Envy: your biggest limitation or your biggest drive

April 11, 2013

Over the years I have turned my passion into a job. I’ve gotten results and satisfaction. I have a major sponsor. I have created a successful business.

Inevitably, this has put me in a position to perceive a feeling of envy toward me. I’m not surprised to be envied, I am surprised, however, that most people ignore that envy can be their biggest limitation, both personally and professionally.

All of us have experienced a feeling of envy toward someone or something. It is part of being human. I’ve experienced it myself, many times.

Envy is often either cause or consequence of our surrender before a difficulty or failure, where others have made it, perhaps out of luck. Or at least that’s what we want to see.
Envy turns into helplessness to twists of fate. Or worse, it stops us from seeing the true nature of things.


This does not allow us to analyze. It stops us from improving. It won’t let us grow. We’re just waiting for something to happen. Often this is not anything good. And even when something good happens, we are unable to appreciate it, because, after all, we believe it is due.

In poker, in work, and in life, an attitude like that can be a disastrous attitude, our true major limitation.

Living a life in constant competition, after heavy defeats and frequent disappointments, I realized how important it is to try to learn something from anyone, especially those that I used to envy: those who had made it.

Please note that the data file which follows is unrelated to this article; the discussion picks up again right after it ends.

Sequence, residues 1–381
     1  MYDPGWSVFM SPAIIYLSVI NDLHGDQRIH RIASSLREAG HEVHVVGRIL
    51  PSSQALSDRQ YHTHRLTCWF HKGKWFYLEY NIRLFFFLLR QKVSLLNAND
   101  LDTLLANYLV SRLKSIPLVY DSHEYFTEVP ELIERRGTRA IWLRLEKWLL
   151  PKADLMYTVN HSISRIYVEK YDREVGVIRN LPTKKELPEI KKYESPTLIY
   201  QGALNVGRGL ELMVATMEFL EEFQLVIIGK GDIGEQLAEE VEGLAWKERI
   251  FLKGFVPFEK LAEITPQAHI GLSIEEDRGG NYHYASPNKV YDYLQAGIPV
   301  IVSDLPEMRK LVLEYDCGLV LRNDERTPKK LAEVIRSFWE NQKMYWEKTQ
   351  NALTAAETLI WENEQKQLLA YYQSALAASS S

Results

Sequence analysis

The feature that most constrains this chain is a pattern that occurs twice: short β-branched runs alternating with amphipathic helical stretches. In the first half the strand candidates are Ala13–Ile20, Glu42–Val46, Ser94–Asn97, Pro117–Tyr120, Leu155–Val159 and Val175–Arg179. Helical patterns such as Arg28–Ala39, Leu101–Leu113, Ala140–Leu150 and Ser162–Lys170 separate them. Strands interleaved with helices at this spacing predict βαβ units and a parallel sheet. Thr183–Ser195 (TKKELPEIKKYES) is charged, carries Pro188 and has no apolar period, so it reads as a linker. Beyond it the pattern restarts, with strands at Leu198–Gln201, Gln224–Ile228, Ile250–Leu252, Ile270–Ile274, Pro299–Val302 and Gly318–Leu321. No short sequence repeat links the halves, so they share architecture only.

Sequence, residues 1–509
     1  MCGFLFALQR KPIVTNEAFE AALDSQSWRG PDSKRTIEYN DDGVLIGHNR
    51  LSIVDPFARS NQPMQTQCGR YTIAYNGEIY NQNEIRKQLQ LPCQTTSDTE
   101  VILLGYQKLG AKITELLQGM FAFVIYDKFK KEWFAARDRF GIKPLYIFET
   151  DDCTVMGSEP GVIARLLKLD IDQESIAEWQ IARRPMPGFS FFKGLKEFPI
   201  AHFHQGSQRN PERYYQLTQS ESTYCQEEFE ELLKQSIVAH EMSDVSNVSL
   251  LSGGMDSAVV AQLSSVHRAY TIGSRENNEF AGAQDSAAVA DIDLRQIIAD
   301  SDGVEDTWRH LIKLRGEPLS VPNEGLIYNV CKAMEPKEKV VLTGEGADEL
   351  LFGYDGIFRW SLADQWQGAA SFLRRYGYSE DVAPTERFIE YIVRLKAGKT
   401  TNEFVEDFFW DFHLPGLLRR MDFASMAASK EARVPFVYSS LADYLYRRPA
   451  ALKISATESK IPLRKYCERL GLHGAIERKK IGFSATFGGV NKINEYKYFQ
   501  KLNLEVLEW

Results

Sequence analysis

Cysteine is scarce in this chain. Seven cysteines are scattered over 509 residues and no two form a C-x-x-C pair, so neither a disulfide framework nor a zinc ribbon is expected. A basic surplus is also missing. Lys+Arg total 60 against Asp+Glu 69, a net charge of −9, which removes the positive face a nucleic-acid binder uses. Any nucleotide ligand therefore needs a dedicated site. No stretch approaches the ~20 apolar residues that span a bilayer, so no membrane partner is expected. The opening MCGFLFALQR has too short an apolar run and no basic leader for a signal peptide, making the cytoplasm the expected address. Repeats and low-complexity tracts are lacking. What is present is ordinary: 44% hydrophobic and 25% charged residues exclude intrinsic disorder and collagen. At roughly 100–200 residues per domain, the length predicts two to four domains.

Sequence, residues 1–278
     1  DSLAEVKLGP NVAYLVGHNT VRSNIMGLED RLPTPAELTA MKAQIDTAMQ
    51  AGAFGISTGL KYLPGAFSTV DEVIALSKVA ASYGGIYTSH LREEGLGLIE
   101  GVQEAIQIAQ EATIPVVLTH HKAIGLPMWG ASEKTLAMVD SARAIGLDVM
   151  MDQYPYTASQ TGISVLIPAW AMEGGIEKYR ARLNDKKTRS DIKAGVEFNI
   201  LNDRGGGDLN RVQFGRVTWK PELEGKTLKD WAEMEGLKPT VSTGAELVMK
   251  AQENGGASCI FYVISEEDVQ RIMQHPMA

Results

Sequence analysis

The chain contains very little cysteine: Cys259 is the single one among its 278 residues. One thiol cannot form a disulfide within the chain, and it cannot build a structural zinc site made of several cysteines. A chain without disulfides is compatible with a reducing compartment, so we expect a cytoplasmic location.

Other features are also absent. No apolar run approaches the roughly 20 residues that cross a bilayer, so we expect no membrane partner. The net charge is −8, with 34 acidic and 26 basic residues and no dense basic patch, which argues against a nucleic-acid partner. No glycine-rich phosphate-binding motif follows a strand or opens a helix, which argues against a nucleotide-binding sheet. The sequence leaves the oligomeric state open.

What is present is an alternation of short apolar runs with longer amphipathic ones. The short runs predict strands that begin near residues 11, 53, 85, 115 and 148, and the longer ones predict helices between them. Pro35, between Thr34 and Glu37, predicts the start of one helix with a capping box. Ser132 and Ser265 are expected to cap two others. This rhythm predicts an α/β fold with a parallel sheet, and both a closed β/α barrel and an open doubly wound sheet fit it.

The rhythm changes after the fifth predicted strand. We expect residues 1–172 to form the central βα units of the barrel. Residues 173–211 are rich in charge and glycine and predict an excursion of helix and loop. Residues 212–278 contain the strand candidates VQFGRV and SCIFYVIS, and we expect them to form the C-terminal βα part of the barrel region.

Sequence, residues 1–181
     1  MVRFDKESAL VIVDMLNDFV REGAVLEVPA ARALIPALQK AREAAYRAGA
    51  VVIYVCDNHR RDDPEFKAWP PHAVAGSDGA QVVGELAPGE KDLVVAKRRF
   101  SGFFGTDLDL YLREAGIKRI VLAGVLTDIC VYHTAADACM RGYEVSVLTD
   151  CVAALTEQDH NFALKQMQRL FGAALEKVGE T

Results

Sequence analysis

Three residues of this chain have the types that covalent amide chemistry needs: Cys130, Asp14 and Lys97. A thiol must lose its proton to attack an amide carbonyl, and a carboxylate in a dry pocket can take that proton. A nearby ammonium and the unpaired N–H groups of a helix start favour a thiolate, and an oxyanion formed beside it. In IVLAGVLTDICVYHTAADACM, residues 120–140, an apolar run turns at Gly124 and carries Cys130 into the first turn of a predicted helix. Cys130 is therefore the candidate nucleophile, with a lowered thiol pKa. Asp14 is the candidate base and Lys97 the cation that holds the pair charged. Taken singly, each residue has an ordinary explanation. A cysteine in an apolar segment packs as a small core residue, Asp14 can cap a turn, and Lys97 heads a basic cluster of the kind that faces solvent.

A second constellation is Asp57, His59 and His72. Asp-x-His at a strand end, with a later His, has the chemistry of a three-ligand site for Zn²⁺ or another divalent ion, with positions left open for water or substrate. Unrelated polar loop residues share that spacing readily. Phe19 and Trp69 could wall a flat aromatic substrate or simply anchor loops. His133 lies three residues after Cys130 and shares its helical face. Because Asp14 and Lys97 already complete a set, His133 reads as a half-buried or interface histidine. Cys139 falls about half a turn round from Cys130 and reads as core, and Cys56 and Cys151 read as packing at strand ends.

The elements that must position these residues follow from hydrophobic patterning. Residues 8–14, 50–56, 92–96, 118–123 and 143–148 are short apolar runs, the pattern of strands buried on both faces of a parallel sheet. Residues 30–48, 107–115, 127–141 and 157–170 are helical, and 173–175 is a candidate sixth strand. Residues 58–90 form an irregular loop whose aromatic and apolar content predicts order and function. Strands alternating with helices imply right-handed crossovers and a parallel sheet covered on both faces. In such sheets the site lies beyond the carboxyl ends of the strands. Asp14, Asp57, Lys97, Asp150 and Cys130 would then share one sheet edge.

From these people I discovered that behind every success there is always work. Always. Sometimes it is not directly related and not so obvious, but often the fruits are harvested after many years of sacrifice.

Conscious of this, I strive constantly to transform envy into a positive feeling, a great incentive. It’s like drawing power from braking. And this can really change your life.

“That businessman or that collegue of mine is more successful than me even though I have more experience and professionalism?”

We must go beyond the simple “he was luckier.” We must strive to see that, for example, success is not only having more experience or expertise, but also being able to create your own personal network. It means having a more developed emotional intelligence, a deeper understanding of what would happen in the next wave, and having developed the right knowledge. It’s also a million other factors.

“That player wins a coinflip and therefore the tournament, and I don’t?”

We must stop thinking, “he’s lucky, I am not, so there is nothing to analyze.”

Let’s move to a deeper level of thinking: “Why was his coin flip crucial in allowing him to win the tournament?”

“Why we didn’t we play our coinflip at the start of the tournament?”

These are questions that eventually get us to: “How has he earned the chips that have allowed him to get to play a crucial coinflip?”

Maybe before winning that coinflip, he could afford to lose others.

Instead, when it happens to us, we are already out talking about another lost coinflip.

Turning envy into a learning experience is the most important lesson that poker has forced me to learn, a lesson that has allowed me to achieve many of my dreams, those I once used to envy.

Luca Pagano is a member of Team PokerStars Pro


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